A growing body of preclinical data suggests that statins may exert potent antitumor effects, yet the interactions of these medications with standard therapies and clinical outcomes in this population is less clear. We assessed the impact of statin use on outcomes in patients with advanced-stage pancreatic adenocarcinoma undergoing various treatments.
After institutional review board approval, we conducted a retrospective-cohort study consisting of 303 newly diagnosed advanced-stage pancreatic adenocarcinoma patients to determine the impact of statin use on outcomes. Univariate and multivariable Cox proportional hazard regression models were utilized to estimate hazard ratios (HRs). Time-to-event was estimated using Kaplan-Meier survival analysis for overall survival, distant metastasis, and locoregional failure. Baseline and active statin usage were assessed and to mitigate risk of immortal time bias, subanalysis excluding patients with under 6 months of follow-up was conducted.
Both prior (P=0.021) and active (P=0.030) statin usage correlated with improved survival in this cohort. Surgery, chemoradiation, and statin use improved 2-year survival rates (84.1% vs. 55.0%; P<0.001). On multivariable analysis, statin exposure was associated with overall survival (HR, 0.662; P=0.027) and trended to significance for freedom from distant metastasis (HR, 0.577; P=0.060). Comorbid conditions were not significantly associated with outcomes.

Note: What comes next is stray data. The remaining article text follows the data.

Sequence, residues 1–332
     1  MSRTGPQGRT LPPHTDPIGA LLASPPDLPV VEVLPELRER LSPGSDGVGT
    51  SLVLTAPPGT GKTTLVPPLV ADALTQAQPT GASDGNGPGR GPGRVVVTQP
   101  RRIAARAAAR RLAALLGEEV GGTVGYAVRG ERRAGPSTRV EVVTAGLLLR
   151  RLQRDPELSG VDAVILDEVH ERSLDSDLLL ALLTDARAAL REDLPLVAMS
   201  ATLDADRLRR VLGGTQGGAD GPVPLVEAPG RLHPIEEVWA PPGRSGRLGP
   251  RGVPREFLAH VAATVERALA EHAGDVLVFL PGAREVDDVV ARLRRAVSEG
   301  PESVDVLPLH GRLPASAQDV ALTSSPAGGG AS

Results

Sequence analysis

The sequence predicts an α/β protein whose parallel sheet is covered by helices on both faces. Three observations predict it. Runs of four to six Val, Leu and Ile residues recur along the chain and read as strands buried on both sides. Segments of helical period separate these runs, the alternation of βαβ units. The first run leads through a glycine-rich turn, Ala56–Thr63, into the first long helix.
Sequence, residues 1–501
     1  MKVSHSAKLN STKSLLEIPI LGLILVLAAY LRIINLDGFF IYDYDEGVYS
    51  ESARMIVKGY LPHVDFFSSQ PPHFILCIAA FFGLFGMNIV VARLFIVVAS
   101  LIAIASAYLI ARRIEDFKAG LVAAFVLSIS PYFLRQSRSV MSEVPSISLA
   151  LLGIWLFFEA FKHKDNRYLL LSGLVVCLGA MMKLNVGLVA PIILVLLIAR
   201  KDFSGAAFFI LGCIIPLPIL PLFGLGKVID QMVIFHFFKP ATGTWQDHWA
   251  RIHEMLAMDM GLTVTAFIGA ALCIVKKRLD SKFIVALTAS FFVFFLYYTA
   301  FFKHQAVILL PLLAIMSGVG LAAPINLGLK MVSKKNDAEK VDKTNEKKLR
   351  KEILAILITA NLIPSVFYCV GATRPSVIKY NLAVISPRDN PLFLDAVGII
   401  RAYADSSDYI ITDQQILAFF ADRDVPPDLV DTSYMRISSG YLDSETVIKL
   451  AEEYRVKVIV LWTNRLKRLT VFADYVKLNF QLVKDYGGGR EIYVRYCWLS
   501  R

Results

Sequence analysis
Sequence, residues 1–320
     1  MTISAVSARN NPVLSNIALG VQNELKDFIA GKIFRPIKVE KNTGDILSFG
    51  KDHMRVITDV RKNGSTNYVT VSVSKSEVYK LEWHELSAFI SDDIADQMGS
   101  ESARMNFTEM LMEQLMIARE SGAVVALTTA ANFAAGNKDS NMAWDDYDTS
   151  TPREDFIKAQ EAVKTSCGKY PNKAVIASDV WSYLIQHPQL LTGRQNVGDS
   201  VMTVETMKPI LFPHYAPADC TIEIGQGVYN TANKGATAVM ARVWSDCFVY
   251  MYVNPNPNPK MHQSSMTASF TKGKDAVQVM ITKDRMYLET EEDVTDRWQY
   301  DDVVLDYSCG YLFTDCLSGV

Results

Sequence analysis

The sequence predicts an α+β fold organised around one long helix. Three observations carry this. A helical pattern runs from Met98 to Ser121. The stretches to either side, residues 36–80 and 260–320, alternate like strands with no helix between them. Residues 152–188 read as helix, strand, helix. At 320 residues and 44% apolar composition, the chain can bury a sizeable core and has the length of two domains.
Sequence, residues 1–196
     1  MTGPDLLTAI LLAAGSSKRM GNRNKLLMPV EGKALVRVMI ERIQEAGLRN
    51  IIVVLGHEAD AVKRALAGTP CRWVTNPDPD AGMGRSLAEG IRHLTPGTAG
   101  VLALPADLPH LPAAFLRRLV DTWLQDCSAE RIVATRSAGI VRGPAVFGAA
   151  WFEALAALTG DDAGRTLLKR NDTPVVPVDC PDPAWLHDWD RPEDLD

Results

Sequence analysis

Statin use was associated with improved overall survival in advanced-stage pancreatic adenocarcinoma patients. This data supports previous findings in early-stage pancreatic adenocarcinoma and other cancer sites. To our knowledge this is the first report to examine the efficacy of statin use as a supplementary treatment option in advanced-stage pancreatic adenocarcinoma patients.
*University of Pittsburgh School of Medicine
†Department of Radiation Oncology, University of Pittsburgh Medical Center, Pittsburgh, PA
‡Department of Radiation Medicine, University of Kentucky, Lexington, KY
§Department of Radiation Oncology, University of Maryland School of Medicine, Baltimore, MD
Supported by the National Institute of Health grant award number T35DK065521.
The authors declare no conflicts of interest.
Reprints: Colin E. Champ, MD, Department of Radiation Oncology, University of Pittsburgh Medical Center, 815 Freeport Road, Pittsburgh, PA 15215. E-mail: firstname.lastname@example.org.